Submitted to: Natural Toxins
Publication Type: Peer Reviewed Journal
Publication Acceptance Date: 1/15/1999
Publication Date: N/A
Interpretive Summary: Insects cause hundreds of millions of dollars of direct crop losses each year and also contribute to the near billion dollar problem of fungal toxins in corn and other crops. Plants are thought to have natural defenses against insects, but understanding what they are and how they work is necessary if they are to be transferred to plants lacking adequate insect defenses. Transgenic tomato plants that produce high levels of a tobacco plant enzyme were found to have resistance to some insects when the insects were small, but not when the insects were larger. The results were very similar to those for transgenic tobacco that produce high levels of the enzyme. These results, of interest to plant biotechnologists, suggest enzyme-based insect resistance mechanisms can still be effective when derived from one plant and then transferred to another, closely related plant.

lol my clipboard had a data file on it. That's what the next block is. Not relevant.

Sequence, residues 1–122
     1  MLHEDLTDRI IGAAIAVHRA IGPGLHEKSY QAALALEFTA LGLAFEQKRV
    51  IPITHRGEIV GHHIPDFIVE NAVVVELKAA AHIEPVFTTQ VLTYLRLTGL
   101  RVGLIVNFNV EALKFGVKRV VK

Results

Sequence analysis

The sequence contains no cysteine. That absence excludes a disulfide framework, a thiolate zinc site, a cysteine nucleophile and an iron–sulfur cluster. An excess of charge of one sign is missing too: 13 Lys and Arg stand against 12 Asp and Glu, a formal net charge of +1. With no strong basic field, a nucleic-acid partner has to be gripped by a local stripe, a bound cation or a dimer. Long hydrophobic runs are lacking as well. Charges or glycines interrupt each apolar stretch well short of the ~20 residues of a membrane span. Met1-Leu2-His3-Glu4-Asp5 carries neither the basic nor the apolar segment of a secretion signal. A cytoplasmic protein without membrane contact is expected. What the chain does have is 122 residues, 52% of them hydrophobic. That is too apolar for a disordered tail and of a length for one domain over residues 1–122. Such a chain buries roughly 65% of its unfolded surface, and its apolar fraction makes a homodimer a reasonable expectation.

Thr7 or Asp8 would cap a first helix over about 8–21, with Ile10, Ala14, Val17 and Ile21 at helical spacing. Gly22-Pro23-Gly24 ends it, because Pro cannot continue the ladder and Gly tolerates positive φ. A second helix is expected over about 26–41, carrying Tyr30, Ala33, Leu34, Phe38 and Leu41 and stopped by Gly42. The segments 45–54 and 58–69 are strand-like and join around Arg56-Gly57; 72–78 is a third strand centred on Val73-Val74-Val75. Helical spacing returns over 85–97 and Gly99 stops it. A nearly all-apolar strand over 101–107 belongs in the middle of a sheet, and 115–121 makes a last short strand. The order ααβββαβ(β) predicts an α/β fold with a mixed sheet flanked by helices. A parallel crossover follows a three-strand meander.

Technical Abstract: Different parts of genetically transformed tomato, Lycopersicon esculentum L., plants that express the tobacco anionic peroxidase were compared for insect resistance with corresponding wild-type plants. Leaves of transgenic plants were as susceptible to feeding damage by third instar Helicoverpa zea (Boddie) as wild-type plants. Leaf feeding by first instar H. zea was significantly reduced on intact transgenic plants compared to wild-type plants. Green fruit was equally susceptible to third instar larvae of H. zea in both type plants, but fruit of transgenic plants were more resistant to first instar larvae as indicated by significantly greater mortality. Basal stem sections were more resistant to neonate larvae of H. zea and adults of Carpophilus lugubris Murray compared to wild-type plants as indicated by significantly greater mortality and/or reduced feeding damage. Field tests suggested reduced numbers of aphids on transgenic vs. wild-type plants as reflected by populations of aphids and predatory lady beetles (Coleoptera: Coccinelidae). Thus, tobacco anionic peroxidase activity can increase plant resistance to insects in tomato, a plant species closely related to the original source plant species, when expressed at sufficiently high levels. However, the degree of resistance is dependent on the size of insect and plant tissue involved.